"There are concerns over slowing growth in China, which is putting pressure across the commodities complex, including soybeans, and there are forecasts of rains in some dry areas of the United States and Russia," said Lynette Tan, an analyst with Phillip Futures in Singapore.

Australia farmers hope rain to help wheat yields
SYDNEY, May 23 (Reuters) - Australia, one of the world's top four exporters of wheat, is forecast to receive much needed rain in eastern areas this week, helping planting conditions after concerns that dry conditions could damage crop yields.
The east coast has seen less than 20 percent of average rainfall in May, but Australia's weather bureau is forecasting Queensland and New South Wales -- leading wheat growing states - will see 25-50 mm of rain on both Thursday and Friday, with light showers expected on Saturday.

Kazakhstan to subsidise record grain exports
ASTANA, May 23 (Reuters) - Kazakhstan will pay nearly $30 toward the cost of every tonne of grain delivered to the Black Sea for the rest of this season to help push exports toward a record 13 million tonnes, the country's agriculture minister told Reuters in an interview.
Wary of limited export capacity, Kazakhstan is investing in new elevators, ports and railroads to supply Iran and its Central Asian neighbours, but will also encourage farmers to cultivate more feed grains, maize and oilseeds to avoid an oversupply of wheat in future, Asylzhan Mamytbekov said.

EU considers ordering France to lift GMO maize ban
BRUSSELS, May 22 (Reuters) - The European Union's executive said on Tuesday it was considering ordering France to lift its ban on growing a strain of genetically modified maize, after EU science experts said there was no justification for it.
In March France reimposed a ban on Monsanto's  MON810 maize, an insect-resistant variety to protect chiefly against the European corn borer, after a previous prohibition was annulled by the country's top court late last year.

Russia wheat exports to fall to 14 mln t in 12/13-analyst
MOSCOW, May 22 (Reuters) - Russia is expected to harvest 53 million tonnes of wheat in the 2012/2013 agricultural year, down from 56 million tonnes in the current year, but exports will decline even more because stocks have been decimated, top Russian grain analysts said on Tuesday.
In the year to June 30, 2012, a period of record grain exports, SovEcon analysts said Russia would export a total of 20.5 million tonnes of wheat, but exports could be only 14 million tonnes in the coming year because of lower overall availability.

SOFTS-Raw sugar hits 21-month low, coffee eases
LONDON, May 23 (Reuters) - Raw sugar futures on ICE hit a fresh 21-month low , after breaking below key support level of 20 cents the previous session, with dealers noting weak demand on the physical market.  Rainfall is delaying the start of harvesting in Brazil's coffee belt, the country's biggest cooperative, Cooxupe, said on Tuesday, but a forecast for drier weather should enable pickers to start gathering the world's biggest crop within days.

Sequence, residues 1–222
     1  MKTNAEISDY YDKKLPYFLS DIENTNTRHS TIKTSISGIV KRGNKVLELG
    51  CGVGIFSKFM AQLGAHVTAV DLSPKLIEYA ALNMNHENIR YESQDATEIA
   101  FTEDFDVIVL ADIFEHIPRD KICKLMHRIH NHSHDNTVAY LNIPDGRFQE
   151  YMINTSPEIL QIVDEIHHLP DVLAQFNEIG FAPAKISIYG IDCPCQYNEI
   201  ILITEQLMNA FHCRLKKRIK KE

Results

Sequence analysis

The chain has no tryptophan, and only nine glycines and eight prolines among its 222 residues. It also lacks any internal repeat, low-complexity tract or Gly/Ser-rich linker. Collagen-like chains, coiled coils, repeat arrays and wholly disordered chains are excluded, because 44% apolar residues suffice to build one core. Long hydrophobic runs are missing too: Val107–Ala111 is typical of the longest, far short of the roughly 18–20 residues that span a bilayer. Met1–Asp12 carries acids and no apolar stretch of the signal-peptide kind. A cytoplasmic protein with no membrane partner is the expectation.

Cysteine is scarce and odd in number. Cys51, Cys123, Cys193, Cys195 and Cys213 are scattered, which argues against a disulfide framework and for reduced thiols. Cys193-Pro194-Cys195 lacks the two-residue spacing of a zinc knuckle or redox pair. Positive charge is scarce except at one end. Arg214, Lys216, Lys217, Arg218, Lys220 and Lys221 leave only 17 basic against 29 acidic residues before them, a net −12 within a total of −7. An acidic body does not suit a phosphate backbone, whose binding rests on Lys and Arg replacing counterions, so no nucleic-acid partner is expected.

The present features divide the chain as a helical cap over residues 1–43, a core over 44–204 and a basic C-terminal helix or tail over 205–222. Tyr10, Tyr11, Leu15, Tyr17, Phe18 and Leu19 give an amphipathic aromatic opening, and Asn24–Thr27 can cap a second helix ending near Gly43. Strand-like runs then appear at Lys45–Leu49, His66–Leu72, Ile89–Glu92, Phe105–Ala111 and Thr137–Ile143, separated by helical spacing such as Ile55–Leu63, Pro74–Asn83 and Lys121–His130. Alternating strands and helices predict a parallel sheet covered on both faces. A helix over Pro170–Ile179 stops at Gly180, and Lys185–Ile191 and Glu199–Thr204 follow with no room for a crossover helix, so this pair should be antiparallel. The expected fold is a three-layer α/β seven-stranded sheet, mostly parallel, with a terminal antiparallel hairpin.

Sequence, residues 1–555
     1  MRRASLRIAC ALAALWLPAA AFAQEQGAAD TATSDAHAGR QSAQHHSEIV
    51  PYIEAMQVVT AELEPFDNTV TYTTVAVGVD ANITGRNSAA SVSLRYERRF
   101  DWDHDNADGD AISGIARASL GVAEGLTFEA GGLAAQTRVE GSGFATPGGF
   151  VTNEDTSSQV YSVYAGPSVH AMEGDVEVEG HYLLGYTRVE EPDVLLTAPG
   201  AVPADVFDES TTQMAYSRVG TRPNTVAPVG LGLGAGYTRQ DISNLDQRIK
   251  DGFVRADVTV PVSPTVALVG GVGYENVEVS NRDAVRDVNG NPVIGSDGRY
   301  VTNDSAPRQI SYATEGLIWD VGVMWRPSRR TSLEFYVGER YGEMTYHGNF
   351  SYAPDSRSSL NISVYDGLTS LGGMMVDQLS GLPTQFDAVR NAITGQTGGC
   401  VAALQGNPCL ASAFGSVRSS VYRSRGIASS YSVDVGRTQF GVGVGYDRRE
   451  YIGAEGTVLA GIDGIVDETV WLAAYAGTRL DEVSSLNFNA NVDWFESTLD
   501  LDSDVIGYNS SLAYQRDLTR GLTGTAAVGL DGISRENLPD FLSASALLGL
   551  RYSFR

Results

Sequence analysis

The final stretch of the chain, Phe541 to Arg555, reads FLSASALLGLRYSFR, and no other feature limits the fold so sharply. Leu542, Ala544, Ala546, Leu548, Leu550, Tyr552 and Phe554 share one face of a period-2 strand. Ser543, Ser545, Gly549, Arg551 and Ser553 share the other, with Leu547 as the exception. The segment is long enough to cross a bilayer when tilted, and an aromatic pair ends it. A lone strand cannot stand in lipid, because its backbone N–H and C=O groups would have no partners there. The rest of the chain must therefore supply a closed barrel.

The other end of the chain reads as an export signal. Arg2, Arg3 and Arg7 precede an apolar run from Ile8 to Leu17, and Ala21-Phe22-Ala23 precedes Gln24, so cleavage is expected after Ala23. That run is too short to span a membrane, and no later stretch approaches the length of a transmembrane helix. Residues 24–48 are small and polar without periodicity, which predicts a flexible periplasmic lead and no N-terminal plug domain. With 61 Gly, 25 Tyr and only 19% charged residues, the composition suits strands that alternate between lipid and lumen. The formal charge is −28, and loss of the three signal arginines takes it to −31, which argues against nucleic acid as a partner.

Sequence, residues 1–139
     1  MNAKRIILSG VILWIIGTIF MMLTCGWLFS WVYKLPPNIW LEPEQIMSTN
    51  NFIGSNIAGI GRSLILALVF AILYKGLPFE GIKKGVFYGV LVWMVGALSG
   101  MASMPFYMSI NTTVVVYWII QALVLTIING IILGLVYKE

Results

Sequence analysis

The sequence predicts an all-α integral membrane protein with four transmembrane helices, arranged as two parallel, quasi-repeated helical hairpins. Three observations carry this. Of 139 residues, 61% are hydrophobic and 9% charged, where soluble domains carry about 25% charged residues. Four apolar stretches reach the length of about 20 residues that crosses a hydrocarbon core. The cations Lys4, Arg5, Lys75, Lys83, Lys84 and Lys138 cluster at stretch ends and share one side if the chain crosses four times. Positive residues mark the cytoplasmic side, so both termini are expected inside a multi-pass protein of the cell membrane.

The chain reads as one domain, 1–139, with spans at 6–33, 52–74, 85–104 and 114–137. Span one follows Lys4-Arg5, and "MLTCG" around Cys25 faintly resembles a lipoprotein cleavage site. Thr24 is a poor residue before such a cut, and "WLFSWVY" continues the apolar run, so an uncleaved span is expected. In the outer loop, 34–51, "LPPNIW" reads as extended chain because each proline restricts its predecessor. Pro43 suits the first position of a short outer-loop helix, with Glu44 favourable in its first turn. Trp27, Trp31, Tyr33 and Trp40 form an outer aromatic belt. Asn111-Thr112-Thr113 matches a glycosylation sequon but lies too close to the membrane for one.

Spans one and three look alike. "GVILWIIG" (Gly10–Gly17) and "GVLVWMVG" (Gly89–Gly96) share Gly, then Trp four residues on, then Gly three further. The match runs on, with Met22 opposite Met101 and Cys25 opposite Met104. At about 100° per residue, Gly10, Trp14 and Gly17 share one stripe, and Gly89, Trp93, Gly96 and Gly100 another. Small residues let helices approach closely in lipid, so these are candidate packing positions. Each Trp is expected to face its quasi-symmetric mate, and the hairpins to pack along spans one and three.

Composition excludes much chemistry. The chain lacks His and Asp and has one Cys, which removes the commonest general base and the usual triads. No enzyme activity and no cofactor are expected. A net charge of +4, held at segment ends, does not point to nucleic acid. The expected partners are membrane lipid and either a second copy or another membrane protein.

Indonesia group downgrades 2012 rubber output forecast on rains
SINGAPORE, May 23 (Reuters) - Rubber output this year in Indonesia, the world's second-biggest producer, is likely to be around 5 percent below a forecast in January to stand flat with 2011 after heavy rains, a senior official at the Indonesian Rubber Association said on Wednesday.
In January, the group forecast Indonesia's rubber output would rise 6 percent this year to 3.27 million tonnes as production kicked in from areas replanted around five years ago.

Global rubber demand seen up 5 pct to 28.2 mln T in 2013-IRSG
SINGAPORE, May 23 (Reuters) - Global demand for natural and synthetic rubber is forecast to rise just over 5 percent year-on-year in 2013 to 28.2 million tonnes, the International Rubber Study Group (IRSG) said on Wednesday.
The IRSG had forecast rubber demand at 26.8 million tonnes for 2012.

Rubber industry hopes China demand will offset Europe woes
SINGAPORE, May 22 (Reuters) - China's strong appetite for rubber could help the market stave off pressure from a worsening debt crisis in Europe that threatens commodities demand while Thailand's move to prop up prices will aid the tyre industry, industry officials said.
Policymakers, traders and industry officials gathering at the World Rubber Summit 2012 in Singapore this week will focus on global demand outlook and key issues such as weather-related supply disruptions and macroeconomic changes.

Brazil's coffee crop seen 52.2 mln bags -Reuters poll
SAO PAULO, May 22 (Reuters) - World top coffee grower Brazil will produce 52.2 million bags in the 2012/13 crop, a Thomson Reuters survey of participants at a Sao Paulo coffee seminar showed on Tuesday, below most analyst estimates but higher than the government's official estimate.